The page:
The pages are not responsive, which may be alright due to the amount of JQuery on the page.


Since this is a portfolio site, the pages are made up pretty much exclusively to displaying various pieces of work created by the designer. The pages are unified via two things: (1) the JQuery sliding navigation bar, and (2) the miscellaneous “flip-page” animation.

The central navigation changes color to better suit the displayed page's design scheme.

Across the pages, the nav-bar remains, though it changes colors to better suit the overall scheme of the page its displaying. This allows the bar to be visible, but not distracting or detracting from the design display. Because it is also fixed, there’s no need to scroll back up and hunt for that blended-navigation arrow. The selected state of the links then simply changes color to a brighter white. While this wouldn’t have worked well with hover-state, focusing on what page you’re on at that very moment isn’t as important as knowing which link you’re about to click, at least in this scenario.

The sub-pages themselves are large and, while they don’t contain links to the actual functioning projects, display enough shots to give a mood. The custom backgrounds and layouts for each page also helps make each project appear special, as well as develop a mood for each project.

The bottoms of each page contain a thin, fixed, semi-opaque footer (similar to the navigation) that contains information about the project, including its date of release, the client, and what the designer contributed to. One minor detail that I noted, was that on both Chrome and Firefox, due to my own settings, a url-bar pops up the moment my cursor touches anything on the page, obstructing my view of the footer until I take it out of the window.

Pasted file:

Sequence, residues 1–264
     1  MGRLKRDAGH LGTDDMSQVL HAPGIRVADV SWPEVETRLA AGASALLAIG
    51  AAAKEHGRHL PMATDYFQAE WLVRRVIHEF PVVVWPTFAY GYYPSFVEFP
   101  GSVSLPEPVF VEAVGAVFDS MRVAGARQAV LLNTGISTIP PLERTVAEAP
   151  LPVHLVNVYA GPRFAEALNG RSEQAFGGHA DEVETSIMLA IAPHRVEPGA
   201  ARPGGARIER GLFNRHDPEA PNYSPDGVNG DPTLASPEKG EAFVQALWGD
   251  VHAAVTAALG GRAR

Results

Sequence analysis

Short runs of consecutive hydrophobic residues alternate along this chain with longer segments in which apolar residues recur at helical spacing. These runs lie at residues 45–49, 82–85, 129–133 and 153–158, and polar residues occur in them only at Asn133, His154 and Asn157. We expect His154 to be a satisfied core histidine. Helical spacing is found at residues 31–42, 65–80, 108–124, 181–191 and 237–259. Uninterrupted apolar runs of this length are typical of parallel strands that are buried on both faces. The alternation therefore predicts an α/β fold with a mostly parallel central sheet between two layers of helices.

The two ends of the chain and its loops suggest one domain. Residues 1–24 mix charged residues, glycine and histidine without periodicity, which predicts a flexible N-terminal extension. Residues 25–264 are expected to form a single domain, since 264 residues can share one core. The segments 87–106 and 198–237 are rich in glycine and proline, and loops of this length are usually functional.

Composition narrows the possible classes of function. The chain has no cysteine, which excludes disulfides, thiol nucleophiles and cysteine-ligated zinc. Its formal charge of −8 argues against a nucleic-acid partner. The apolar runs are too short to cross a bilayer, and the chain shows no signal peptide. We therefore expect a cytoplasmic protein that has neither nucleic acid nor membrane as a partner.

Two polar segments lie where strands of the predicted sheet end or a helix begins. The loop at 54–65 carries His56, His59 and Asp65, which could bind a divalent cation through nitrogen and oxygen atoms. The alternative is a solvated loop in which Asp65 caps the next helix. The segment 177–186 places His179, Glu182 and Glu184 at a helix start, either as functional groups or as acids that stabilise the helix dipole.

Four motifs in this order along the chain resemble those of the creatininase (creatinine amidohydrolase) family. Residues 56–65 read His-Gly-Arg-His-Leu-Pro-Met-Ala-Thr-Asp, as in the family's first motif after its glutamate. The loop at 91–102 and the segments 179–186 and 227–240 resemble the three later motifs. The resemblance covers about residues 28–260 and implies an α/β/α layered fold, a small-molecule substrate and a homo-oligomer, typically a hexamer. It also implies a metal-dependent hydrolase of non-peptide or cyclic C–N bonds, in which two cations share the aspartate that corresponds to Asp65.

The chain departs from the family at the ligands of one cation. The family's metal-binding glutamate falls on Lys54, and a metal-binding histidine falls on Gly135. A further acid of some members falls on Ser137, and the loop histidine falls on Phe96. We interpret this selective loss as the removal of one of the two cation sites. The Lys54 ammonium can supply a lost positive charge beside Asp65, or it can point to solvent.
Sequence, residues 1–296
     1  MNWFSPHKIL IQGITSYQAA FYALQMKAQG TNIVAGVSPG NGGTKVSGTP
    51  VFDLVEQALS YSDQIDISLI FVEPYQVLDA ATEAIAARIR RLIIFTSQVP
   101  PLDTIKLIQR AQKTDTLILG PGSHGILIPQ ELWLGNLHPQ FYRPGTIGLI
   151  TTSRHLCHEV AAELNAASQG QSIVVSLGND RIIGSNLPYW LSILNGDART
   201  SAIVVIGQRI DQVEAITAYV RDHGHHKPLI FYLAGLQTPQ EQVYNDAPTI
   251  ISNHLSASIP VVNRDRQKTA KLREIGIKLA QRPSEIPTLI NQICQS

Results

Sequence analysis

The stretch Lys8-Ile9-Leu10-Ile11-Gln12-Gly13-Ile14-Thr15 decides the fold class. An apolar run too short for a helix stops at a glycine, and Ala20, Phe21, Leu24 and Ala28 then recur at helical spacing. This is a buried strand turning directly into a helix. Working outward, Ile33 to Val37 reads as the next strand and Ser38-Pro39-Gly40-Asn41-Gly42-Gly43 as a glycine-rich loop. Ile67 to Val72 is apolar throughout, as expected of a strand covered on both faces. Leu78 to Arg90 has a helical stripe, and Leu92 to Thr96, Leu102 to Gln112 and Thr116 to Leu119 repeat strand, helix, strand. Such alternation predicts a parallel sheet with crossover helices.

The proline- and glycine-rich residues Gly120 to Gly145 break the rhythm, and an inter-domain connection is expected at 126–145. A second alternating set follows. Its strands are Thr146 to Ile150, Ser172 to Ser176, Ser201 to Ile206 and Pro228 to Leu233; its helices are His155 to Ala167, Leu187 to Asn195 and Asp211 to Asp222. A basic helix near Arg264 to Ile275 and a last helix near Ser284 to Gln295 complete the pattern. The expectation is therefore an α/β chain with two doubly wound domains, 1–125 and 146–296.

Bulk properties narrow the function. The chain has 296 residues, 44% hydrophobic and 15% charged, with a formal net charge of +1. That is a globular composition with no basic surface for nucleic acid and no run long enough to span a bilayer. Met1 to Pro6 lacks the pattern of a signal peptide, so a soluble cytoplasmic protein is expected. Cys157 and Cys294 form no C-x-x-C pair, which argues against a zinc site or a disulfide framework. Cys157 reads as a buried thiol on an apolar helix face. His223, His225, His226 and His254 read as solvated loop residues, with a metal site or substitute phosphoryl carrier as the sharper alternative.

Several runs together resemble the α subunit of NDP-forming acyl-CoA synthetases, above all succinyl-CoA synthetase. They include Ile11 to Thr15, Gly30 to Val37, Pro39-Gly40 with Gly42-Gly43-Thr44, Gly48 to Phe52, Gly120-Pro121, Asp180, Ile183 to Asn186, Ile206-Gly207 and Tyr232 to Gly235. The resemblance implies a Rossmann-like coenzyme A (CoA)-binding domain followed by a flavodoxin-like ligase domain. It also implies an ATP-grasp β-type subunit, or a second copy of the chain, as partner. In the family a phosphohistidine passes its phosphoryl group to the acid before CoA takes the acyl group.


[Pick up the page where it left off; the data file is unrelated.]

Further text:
The footer is detailed (TOP) but depending on browser settings, that can be ruined if the page is touched with the cursor (BOTTOM).

Connecting the Pages

All of the pages are interconnected via giant JQuery arrows. When the cursor hovers over the left or right side of the screen, a very light, mostly transparent triangle appears. The arrow faces whichever direction is more relevant for the cursor location. The arrow is translucent enough to be barely distracting, and it also alludes to instruction on what to do. If you click on the right side, it will automatically transition to the next page on the list, and it will likewise go back a step by clicking on the left. This offers another way to flip through the pages without having to clonkily open and reopen the main navigation – which is of course always present should the viewer want to skip to a particular page.

Overall Look-and-Feel

The page is easy to navigate, as there are various facets to move. The pages are all labeled well, but in a way that’s not distracting. The designs are organized in an intelligent fashion that allows optimal viewing of the work, without actually viewing it first hand. The customized pages for each project help enhance the mood and overall reaction the viewer has.

#02: Project01 Moodboard

For this first project, I am going to design a page with a heavy influence from ink, specifically artist pen and/or washes. I plan to hand and/or tablet create the images via illustrative techniques. At the moment, I’m not positive how to treat the ink specifically, so I have researched various styles for inspiration.

On my board, I have included three main styles, which can be further broken up into sub-styles. I can possibly do rough ink-blot washes, that are mostly abstract, or abstract in general form of the objects. I also included tighter lineart, that’s either very fine and stylized or a little more rough and sketchy. I also included some combination style, that combines some detail linework with ink washes (either black or colored).